Our third base was at Kazantip, in the north east of the peninsular. This is another resort, but is based on the small Sea of Azov, rather than the Black Sea like the resorts on the Southern and Western coasts. Whilst the resort had a number of long sandy beaches, Kazantip itself was a slightly hilly area jutting into the sea, with a network of small coves and beaches, ideal for those seeking their own private beach. The sea water was very warm here, and it was also an excellent area for exploring on our mountain bikes.

Our final base was at a small town just to the North of the resort of Koktebel, on the South Eastern coast. From here we visited Koktebel itself, as well as the larger resort of Feodosiya. In  Koktebel we went a dolphinarum, and watched a show there.

 Comparison of holidays in the Crimea and Southern France

I will now make a comparison between the Crimea, and another holiday area I know very well, Southern France. I have subdivided the report into various categories.


France has a well developed network of fast railway lines that links many of its major cities, and these can zoom you great distances in a very short time. However it is not cheap to use, and also local transport links are far inferior, particularly in rural areas where a lack of buses means a car must be used to reach them. The Crimea has just one main line running through it, and the trains run very slowly. However local bus links are much better, and very cheap to use. Even where no bus service exists taxis will prove to be far cheaper than those in France, approximately a quarter of the price for the same distance.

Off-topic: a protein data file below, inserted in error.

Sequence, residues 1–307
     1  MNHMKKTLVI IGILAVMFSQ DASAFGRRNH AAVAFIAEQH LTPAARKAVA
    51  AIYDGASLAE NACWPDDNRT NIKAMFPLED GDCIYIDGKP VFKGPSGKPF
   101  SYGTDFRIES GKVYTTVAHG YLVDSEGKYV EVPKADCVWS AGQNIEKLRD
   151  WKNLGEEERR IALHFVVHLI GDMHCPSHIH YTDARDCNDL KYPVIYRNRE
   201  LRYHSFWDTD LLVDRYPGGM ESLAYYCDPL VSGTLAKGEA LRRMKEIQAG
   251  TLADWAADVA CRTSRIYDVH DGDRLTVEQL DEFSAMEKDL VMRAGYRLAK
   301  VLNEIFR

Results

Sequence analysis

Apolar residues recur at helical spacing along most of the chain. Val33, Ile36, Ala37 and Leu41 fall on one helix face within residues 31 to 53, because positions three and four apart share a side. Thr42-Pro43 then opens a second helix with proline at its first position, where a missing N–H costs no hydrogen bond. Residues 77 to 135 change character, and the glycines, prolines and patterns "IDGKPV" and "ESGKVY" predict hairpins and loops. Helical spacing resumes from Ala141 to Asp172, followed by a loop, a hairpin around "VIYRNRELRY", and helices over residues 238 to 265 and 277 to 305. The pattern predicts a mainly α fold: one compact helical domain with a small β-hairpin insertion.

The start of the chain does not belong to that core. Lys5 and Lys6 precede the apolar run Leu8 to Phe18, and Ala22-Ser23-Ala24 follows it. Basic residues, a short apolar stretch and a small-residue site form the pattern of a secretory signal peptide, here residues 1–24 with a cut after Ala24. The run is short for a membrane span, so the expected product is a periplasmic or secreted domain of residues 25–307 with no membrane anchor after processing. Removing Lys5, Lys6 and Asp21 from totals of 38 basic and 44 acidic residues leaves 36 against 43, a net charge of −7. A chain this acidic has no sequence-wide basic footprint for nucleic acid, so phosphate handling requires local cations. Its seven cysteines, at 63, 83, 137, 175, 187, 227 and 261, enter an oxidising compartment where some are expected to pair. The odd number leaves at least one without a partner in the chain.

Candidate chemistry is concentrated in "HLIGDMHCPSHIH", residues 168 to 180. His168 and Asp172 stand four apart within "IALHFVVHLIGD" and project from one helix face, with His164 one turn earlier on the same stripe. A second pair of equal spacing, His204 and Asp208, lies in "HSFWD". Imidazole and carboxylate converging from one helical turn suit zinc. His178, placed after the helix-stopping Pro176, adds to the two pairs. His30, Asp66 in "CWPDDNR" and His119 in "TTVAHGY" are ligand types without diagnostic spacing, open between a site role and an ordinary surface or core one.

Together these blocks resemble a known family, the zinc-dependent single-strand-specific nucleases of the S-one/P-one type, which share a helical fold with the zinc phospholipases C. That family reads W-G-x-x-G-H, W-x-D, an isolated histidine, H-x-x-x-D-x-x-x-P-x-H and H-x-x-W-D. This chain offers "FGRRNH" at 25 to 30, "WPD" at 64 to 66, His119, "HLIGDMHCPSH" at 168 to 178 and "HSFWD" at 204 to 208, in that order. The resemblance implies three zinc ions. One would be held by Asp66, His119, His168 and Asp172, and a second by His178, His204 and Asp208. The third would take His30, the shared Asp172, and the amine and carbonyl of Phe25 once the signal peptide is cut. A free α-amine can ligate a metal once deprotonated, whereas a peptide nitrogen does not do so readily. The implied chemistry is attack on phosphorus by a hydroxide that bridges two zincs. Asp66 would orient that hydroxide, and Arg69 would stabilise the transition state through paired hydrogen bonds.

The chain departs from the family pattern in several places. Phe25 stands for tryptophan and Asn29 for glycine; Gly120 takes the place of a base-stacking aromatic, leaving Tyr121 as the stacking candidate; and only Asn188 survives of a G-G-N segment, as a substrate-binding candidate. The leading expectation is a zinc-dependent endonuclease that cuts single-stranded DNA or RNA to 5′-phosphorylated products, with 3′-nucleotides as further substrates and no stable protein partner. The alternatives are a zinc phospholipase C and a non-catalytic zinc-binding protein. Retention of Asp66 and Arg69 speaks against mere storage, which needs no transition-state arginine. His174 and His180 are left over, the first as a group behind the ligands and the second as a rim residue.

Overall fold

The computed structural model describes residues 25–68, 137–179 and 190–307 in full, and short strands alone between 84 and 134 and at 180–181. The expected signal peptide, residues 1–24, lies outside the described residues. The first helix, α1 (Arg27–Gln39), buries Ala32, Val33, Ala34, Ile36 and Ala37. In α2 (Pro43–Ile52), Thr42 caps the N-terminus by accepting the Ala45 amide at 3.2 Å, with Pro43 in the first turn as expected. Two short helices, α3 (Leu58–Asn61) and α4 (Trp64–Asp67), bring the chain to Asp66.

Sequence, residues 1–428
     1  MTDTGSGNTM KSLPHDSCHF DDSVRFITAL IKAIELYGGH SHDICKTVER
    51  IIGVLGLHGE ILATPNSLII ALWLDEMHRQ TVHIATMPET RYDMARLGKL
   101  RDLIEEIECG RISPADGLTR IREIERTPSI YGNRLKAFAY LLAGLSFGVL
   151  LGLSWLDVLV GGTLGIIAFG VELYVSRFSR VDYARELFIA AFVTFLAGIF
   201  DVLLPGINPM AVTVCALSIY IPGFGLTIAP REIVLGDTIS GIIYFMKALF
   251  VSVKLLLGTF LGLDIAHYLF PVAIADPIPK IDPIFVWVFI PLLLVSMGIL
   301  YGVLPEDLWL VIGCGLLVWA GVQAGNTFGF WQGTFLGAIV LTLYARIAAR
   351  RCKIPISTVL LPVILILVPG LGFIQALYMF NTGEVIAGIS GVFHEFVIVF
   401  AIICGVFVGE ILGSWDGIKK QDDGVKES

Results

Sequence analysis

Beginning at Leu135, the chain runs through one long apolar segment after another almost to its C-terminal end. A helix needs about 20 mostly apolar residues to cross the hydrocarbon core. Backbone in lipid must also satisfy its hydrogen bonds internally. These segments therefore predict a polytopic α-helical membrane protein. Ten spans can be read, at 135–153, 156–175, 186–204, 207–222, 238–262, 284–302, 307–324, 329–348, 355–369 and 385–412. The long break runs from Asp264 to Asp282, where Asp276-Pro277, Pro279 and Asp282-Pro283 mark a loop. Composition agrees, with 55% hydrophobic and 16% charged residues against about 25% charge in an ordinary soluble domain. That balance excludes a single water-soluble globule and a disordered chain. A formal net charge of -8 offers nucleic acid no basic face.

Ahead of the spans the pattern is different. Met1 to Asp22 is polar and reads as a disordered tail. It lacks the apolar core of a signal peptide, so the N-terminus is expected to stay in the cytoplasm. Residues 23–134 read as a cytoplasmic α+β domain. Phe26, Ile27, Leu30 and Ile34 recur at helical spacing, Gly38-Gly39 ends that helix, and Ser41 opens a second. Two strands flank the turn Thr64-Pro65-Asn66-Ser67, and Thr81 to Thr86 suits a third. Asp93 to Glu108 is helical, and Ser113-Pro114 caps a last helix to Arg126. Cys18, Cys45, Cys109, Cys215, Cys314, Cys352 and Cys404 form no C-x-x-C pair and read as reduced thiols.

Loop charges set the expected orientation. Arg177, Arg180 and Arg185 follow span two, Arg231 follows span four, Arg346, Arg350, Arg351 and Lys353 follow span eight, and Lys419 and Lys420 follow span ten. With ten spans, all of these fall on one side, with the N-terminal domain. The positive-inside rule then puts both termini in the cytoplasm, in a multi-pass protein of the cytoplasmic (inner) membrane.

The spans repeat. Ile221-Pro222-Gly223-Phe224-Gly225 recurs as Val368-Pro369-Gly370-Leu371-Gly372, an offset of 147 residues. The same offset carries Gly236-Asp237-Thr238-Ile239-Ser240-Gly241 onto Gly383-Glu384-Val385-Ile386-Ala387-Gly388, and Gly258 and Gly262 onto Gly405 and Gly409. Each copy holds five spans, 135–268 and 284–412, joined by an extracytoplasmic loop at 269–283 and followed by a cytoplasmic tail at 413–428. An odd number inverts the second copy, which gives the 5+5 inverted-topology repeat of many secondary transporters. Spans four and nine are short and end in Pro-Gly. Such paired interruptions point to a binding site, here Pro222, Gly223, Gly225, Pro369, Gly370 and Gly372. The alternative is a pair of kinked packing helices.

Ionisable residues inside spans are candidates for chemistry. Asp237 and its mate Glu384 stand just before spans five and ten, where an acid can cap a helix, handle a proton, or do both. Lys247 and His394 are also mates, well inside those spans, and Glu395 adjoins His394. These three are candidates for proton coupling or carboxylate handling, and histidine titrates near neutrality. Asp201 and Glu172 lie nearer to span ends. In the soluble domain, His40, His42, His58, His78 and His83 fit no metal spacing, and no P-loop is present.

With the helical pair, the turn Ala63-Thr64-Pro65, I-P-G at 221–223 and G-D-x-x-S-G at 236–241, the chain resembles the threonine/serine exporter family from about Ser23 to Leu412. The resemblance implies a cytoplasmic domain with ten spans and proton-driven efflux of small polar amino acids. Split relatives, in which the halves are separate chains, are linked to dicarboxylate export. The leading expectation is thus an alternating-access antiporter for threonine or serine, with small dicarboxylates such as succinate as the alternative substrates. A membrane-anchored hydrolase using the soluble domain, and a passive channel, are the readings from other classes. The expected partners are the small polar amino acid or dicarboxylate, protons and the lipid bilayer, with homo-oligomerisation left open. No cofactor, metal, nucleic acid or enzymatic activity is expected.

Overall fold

Southern France offers the full range of accommodation options, from expensive hotels, down to camping. There are also gites where you stay in a small house, or villas and houses that can be rented for a week. In the Crimea cheap accommodation is largely a matter of staying in the houses of local people, paying for each bed used. Typically guests are free to use the kitchen facilities, so it is not necessary to eat out all the time. At the top end there are hotels, which can be quite pricey, particularly in high season in the expensive resorts like Yalta. Whilst the standard of accommodation in France will be higher, prices will be much lower in the Crimea. A villa for 6 people will cost around 600 Euro for a week, whilst in the Crimea the price will be half, or sometimes even a third of that.


France is well know throughout the world for its fine food, with the larger towns offering all types of cuisine, as well as French food. In the country restaurants are typically French, but of very high quality. Crimea offers mostly Russian and local varieties, although some, particularly Tatar restaurants, are very popular and offer many tasty dishes. The cost difference between restaurants in France and the Crimea is huge. A meal in a typical restaurant in France for four people, including wine, will cost around 120 Euro, whilst the same money could feed a group of 25 in the Crimea.